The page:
6. Flip3D: Press Windows-Tab, and you get Vista's fancy 3D task switcher, which pointlessly requires you to cycle through tasks one by one. This duplicates the functionality of Alt-Tab instead of enabling you to get to any task in a couple of clicks, as Apple's similar Exposé does.
7. Backup: Win 7's Backup and Restore Center no longer requires you to devote an external hard drive to a full system backup. But it still isn't as easy to use as Apple's Time Machine. And Microsoft's decision to put network backup only in Windows 7's priciest editions is just silly.
8. Versionitis: Having multiple versions of Windows is fine in theory. But in reality, their minor, subtle, and arbitrary differences invite confusion. Misleading names like Windows 7 Home Premium don't help.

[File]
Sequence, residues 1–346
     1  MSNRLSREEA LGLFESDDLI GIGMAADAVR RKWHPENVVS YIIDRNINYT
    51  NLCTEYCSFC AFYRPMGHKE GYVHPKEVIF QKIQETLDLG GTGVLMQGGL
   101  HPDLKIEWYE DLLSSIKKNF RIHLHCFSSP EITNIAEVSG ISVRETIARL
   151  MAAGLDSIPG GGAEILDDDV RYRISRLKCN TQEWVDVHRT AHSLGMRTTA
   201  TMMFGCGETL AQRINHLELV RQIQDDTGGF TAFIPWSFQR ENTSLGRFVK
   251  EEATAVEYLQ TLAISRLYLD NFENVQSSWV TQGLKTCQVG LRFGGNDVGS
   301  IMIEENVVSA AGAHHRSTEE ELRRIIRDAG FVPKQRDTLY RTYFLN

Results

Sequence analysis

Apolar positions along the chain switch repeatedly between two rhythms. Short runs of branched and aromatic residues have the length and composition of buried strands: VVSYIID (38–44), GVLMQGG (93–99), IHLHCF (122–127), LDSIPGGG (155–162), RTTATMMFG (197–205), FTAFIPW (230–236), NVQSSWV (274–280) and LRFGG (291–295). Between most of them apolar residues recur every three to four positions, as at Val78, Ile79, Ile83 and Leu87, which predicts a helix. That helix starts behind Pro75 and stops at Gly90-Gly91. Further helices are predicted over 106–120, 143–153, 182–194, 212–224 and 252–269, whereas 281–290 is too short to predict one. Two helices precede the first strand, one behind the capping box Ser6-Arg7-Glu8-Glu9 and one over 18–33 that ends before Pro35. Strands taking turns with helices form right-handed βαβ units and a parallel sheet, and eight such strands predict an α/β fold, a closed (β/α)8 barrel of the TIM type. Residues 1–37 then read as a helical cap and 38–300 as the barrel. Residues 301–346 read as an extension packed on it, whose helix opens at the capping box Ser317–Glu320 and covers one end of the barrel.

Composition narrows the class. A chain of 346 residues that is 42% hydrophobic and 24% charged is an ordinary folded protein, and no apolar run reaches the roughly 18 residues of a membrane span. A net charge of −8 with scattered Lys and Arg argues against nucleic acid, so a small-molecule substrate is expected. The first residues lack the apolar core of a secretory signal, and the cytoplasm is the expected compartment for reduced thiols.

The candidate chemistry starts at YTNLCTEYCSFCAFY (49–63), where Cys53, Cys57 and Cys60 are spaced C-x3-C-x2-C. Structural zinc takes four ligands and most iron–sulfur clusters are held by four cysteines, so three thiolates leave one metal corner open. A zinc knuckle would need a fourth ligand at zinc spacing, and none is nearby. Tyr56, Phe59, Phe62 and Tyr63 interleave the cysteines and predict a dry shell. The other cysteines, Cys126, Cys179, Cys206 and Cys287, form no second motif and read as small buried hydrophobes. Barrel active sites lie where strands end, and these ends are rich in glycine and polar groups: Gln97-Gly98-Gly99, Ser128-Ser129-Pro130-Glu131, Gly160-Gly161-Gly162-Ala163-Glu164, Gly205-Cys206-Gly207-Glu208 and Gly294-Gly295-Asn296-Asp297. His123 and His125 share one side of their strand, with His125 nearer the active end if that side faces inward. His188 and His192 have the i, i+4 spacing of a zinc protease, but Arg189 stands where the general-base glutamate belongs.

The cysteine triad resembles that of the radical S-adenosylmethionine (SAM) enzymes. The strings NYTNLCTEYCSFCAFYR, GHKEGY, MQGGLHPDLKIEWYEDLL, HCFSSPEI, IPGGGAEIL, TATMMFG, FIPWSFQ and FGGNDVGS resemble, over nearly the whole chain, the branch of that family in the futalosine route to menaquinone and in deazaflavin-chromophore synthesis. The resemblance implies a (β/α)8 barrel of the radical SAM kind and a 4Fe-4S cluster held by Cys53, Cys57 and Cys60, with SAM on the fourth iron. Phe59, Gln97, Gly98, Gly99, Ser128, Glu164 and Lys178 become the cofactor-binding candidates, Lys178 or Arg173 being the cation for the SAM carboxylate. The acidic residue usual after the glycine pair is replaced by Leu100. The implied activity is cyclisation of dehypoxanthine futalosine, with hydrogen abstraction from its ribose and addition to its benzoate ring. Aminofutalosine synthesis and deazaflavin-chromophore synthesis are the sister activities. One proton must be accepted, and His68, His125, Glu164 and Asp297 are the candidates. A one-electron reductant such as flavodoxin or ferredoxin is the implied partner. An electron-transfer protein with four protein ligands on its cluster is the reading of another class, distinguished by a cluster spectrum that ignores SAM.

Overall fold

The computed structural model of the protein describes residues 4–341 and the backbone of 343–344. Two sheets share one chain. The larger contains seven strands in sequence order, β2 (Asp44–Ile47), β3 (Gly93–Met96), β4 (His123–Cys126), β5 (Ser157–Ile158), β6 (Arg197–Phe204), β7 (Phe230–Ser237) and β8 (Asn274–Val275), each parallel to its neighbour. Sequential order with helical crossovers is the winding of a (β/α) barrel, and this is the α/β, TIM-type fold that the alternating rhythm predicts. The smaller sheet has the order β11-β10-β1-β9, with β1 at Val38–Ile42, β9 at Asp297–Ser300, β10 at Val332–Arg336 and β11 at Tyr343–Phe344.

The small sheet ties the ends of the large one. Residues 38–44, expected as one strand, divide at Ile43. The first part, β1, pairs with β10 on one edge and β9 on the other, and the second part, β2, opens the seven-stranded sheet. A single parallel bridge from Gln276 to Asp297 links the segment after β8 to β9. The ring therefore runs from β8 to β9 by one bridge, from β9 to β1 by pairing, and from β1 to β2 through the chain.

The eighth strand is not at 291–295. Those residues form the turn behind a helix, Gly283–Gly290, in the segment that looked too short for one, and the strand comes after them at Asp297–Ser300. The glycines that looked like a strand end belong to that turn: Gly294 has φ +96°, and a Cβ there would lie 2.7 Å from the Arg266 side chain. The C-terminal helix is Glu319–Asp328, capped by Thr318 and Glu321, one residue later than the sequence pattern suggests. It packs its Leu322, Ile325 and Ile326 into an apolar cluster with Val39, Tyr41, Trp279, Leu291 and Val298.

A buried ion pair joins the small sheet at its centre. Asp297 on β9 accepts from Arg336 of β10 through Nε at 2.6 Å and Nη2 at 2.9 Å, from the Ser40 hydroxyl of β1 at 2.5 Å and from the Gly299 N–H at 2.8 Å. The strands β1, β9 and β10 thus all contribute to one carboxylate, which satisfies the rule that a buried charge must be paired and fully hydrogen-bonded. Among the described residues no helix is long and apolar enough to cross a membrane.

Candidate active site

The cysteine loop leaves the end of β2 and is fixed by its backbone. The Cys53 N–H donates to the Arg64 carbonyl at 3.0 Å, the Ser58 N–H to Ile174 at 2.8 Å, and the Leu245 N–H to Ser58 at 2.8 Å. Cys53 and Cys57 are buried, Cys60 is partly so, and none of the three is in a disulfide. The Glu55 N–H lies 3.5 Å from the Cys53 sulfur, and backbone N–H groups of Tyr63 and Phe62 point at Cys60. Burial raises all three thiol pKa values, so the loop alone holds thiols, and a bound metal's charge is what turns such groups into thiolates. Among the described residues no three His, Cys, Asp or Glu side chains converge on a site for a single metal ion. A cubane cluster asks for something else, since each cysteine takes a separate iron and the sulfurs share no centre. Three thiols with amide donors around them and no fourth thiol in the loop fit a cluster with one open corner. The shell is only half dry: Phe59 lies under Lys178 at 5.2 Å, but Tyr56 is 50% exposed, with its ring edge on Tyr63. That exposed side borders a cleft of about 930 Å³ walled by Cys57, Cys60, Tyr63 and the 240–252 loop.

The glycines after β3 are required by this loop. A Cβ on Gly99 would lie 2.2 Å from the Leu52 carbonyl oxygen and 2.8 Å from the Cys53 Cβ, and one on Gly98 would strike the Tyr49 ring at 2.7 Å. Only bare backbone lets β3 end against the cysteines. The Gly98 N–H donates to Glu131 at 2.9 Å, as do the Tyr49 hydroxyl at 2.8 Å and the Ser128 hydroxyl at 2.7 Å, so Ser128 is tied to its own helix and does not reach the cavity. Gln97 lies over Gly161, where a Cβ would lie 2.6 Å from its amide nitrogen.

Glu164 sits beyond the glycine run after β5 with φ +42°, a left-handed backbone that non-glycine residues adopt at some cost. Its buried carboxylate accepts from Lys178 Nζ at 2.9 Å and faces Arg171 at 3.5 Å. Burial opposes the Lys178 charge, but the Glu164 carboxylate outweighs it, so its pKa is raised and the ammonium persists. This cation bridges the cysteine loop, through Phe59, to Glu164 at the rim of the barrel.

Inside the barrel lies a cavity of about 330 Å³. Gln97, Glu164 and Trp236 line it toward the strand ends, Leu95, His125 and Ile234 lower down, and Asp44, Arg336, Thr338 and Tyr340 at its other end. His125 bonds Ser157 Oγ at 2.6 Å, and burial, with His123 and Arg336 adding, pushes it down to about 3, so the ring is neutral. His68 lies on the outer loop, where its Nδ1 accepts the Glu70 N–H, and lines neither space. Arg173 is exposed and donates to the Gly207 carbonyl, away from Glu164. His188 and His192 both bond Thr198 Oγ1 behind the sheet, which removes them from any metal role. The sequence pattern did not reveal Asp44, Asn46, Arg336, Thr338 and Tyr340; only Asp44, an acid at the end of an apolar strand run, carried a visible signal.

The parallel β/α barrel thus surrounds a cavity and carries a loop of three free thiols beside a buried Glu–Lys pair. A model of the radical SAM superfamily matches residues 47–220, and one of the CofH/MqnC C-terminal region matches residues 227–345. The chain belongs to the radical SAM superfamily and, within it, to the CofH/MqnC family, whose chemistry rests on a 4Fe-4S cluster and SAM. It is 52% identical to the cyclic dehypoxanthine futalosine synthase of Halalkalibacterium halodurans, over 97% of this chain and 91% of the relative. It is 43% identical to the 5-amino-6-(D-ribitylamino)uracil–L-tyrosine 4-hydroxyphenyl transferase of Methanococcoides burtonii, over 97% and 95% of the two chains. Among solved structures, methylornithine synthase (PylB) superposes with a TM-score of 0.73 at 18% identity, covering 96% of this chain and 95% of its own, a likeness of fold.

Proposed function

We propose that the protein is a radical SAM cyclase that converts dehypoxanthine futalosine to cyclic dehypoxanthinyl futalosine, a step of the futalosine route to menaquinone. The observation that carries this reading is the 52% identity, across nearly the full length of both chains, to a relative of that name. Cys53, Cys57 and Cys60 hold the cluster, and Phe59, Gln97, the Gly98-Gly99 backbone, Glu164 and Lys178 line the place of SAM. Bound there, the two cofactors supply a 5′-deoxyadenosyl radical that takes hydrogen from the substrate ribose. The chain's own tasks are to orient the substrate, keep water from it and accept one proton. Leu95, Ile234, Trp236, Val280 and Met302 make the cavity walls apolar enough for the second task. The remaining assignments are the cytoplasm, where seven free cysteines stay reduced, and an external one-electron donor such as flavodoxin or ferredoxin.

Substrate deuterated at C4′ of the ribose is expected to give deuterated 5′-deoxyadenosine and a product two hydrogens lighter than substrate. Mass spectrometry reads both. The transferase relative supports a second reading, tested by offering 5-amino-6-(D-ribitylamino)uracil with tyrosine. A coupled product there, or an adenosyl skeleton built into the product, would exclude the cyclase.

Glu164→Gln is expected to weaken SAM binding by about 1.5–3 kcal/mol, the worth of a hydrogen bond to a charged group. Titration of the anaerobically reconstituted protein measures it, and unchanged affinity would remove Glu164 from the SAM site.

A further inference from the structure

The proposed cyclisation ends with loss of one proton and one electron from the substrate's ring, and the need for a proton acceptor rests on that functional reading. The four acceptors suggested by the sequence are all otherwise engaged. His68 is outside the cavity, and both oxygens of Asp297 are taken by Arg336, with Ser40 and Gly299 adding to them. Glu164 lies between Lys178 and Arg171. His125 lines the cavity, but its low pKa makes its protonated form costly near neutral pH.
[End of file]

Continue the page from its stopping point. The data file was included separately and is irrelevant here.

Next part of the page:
9. Internet Explorer 8: Windows 7's bundled browser is perfectly adequate. But it's playing catch-up with innovative competitors such as Firefox and Google's Chrome, not setting new standards.
10. Document viewing: Like Vista, Windows 7 lets you create application-independent documents that use Microsoft's PDF-like XPS format to retain their original formatting. But PDF is pervasive and XPS hasn't caught on, so wouldn't it be infinitely more convenient if Windows 7 supported PDF out of the box?